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Spiotta v. Milkon

Decided: October 30, 1961.


Pindar, J.s.c.


[70 NJSuper Page 345] Plaintiff, Joseph Spiotta, seeks specific performance of an escrow agreement as the successful bidder for 28,000 shares of stock of the City National Bank and

Trust Company of Hackensack, New Jersey, together with the right to all dividends paid on same since the inception of this suit, against the defendant escrowee, National State Bank of Newark, and against the four other individual parties to the agreement, defendants Harvey J. E. Milkon, John R. Kraycir, Walter H. Jones and William Sciacca. Plaintiff also demands judgment against the four individual defendants for all future unjustifiable expenditures which they incur and which depreciates the value of the assets of the bank whose stock is in issue, as reflected by the balance sheet of August 1, 1959, but this claim involved only the matter of dividends.

The defendant Milkon counterclaims for specific performance, as successful purchaser of said stock, against the plaintiff and defendant escrowee bank, and in the alternative demands judgment rescinding the escrow agreement and declaring it to be a nullity.

Defendants Kraycir, Jones and Sciacca demand judgment declaring the escrow agreement to be in full force and effect until the expiration of its term and reserving unto these defendants the right to submit an offer or offers. In the alternative they demand that the defendant bank be ordered to deliver to the party that has made the highest offer to purchase, extant for more than 15 days, and to remit the proceeds to them in accordance with the agreement, or in the alternative to rescind the escrow agreement.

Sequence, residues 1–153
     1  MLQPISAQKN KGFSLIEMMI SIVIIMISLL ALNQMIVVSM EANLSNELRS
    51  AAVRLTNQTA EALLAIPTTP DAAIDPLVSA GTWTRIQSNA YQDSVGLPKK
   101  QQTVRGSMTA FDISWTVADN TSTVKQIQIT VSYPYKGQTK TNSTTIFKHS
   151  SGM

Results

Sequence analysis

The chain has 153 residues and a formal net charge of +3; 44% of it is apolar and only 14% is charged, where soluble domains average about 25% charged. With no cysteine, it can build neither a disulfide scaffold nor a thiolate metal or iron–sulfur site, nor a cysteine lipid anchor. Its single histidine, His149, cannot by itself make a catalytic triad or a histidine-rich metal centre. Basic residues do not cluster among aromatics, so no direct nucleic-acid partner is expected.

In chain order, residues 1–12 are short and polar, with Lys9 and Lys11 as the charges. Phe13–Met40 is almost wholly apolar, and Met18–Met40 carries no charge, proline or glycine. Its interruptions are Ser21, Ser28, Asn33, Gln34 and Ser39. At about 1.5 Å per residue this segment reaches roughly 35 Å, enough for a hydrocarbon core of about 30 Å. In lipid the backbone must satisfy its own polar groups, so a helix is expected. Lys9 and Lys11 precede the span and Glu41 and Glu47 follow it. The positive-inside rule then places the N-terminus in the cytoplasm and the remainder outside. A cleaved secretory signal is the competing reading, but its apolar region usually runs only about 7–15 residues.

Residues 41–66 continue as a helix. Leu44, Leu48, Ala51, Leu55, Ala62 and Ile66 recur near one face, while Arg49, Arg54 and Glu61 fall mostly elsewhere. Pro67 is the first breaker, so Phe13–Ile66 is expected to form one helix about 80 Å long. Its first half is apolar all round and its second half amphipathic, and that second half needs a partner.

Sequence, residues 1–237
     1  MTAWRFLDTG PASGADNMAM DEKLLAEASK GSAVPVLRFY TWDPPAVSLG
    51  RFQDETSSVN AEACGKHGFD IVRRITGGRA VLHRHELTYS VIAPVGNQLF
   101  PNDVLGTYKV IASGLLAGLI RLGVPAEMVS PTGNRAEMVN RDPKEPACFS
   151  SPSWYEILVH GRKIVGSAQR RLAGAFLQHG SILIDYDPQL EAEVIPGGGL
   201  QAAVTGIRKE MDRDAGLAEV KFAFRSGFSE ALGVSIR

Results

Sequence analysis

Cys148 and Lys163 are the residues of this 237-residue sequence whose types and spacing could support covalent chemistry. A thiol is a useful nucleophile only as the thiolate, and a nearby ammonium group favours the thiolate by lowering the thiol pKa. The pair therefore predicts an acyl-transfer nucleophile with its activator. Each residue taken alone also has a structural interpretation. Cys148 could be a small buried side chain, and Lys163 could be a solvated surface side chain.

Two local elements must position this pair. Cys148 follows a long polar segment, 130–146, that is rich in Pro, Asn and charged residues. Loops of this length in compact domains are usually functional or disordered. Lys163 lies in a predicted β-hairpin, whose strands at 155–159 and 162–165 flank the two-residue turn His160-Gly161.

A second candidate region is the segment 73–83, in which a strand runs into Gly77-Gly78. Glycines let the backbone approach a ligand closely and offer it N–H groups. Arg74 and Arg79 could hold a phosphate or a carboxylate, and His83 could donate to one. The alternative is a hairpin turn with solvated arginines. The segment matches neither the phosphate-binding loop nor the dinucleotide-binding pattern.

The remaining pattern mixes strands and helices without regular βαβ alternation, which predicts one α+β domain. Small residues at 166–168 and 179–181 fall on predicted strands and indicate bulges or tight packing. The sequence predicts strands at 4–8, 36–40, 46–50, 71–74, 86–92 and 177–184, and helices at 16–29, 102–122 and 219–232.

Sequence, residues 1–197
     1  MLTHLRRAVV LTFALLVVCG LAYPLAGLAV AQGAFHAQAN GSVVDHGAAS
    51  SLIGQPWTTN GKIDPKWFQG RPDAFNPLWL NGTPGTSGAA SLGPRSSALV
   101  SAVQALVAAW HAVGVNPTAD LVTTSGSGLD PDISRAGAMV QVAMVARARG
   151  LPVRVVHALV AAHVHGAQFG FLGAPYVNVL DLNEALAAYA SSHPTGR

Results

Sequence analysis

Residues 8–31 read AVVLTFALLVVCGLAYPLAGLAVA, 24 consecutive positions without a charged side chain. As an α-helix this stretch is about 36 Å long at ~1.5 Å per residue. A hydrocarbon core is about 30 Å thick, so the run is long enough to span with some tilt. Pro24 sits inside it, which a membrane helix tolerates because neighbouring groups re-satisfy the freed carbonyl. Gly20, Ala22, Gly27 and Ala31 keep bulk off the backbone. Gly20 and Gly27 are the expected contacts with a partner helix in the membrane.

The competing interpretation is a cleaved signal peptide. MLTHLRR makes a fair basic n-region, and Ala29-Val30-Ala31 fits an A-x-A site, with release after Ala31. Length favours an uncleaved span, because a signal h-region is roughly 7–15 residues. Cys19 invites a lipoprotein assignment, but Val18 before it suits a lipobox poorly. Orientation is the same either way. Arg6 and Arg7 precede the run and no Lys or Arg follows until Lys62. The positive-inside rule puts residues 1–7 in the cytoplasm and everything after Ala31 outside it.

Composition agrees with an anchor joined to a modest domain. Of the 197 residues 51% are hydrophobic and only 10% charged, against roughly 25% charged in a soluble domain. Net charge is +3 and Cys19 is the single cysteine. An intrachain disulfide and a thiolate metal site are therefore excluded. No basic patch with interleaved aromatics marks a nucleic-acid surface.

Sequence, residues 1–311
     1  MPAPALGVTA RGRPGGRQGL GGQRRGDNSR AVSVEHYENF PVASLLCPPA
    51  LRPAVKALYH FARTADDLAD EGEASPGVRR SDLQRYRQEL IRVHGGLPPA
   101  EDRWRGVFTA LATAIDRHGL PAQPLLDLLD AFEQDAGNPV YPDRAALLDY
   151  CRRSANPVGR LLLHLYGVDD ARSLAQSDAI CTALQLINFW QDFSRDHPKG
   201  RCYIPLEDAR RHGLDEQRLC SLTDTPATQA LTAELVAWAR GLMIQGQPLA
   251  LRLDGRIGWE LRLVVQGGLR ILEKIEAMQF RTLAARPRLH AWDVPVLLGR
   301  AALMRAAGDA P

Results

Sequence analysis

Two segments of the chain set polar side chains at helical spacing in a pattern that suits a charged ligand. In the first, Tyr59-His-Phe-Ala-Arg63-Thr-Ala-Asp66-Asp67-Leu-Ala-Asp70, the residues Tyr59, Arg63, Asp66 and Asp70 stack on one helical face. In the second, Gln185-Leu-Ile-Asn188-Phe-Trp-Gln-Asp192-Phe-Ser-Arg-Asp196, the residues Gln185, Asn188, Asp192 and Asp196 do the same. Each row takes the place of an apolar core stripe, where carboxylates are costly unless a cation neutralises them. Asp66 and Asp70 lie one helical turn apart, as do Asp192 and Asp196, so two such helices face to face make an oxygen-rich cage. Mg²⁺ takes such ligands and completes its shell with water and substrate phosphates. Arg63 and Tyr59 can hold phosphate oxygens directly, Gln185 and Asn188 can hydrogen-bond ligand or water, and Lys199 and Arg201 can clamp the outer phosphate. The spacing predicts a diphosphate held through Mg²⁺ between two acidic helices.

The defendant escrowee bank appears in this litigation as a stakeholder; it merely seeks judgment, fixing and determining the rights of the plaintiff and of the individual parties defendant to the 28,000 shares of stock in escrow, and stating the conditions precedent to the delivery of said stock to the party or parties specified in the judgment.

The individual parties to this action comprise the primary stockholders and officers of the City National Bank and Trust Company of Hackensack. They own 32,200 of the 40,000 shares outstanding, and the plaintiff owns the largest amount, namely 13,464. Friction developed among the plaintiff

and the individual defendants, and in order to dissolve their discordant relationship they entered into an escrow agreement dated November 7, 1958, which provided therein for automatic termination 18 months thereafter. Under this agreement the parties, in substantially the same proportion of their ownership of the total shares owned by all of the parties thereto, placed 28,000 shares in escrow for the purpose of seeking a buyer. As paragraph 3 of this agreement contains the provisions in dispute, it is set forth fully as follows:

"The 28,000 shares so held by the ESCROW BANK shall be sold as a unit by the ESCROW BANK to any responsible person bringing a bona fide offer to the bank provided the price tendered is not less than $37.50 for each share, including commission not to exceed $1.00 per share. The terms under which such sale shall be made shall specify at least 29 per centum of the gross purchase price as a down payment and payment in equal installment over a period of not more than the next two succeeding years with open prepayment privilege and with interest at least 4 1/2% on the unpaid balance. Upon receipt of the proceeds, or installments thereof, of such sale the ESCROW BANK shall remit to each party on a pro rata basis, deducting amounts due from such party on his stock. No delivery of said shares shall be made until the purchase price is paid in full to the ESCROW BANK. Any one or more of the parties shall have the right of first refusal to meet, within 15 days of such offer, any or every bona fide offer made for the stock. Any party or parties meeting such bona fide offer shall be entitled to a commission of $1.00 per share. A bona fide offer, whether coming from a party or from a stranger to this contract, for the purposes of this contract shall be an offer where a deposit of at least $25,000.00 in cash or certified check is paid to the ESCROW BANK."

This suit developed from the confusion arising by the bid of July 10, 1959 of one Charles M. Silverman, and the subsequent bids made by defendant Milkon and plaintiff Spiotta.

The time and sequence of these bids are not contested but as the various suggested interpretations of the agreement in relation to such bids are dependent upon the entire situation created by them, they are listed below for clarity:

Amount Approximate

Date Person (Net*fn* ) Time

July 10, 1959 (Fri.) Silverman ...

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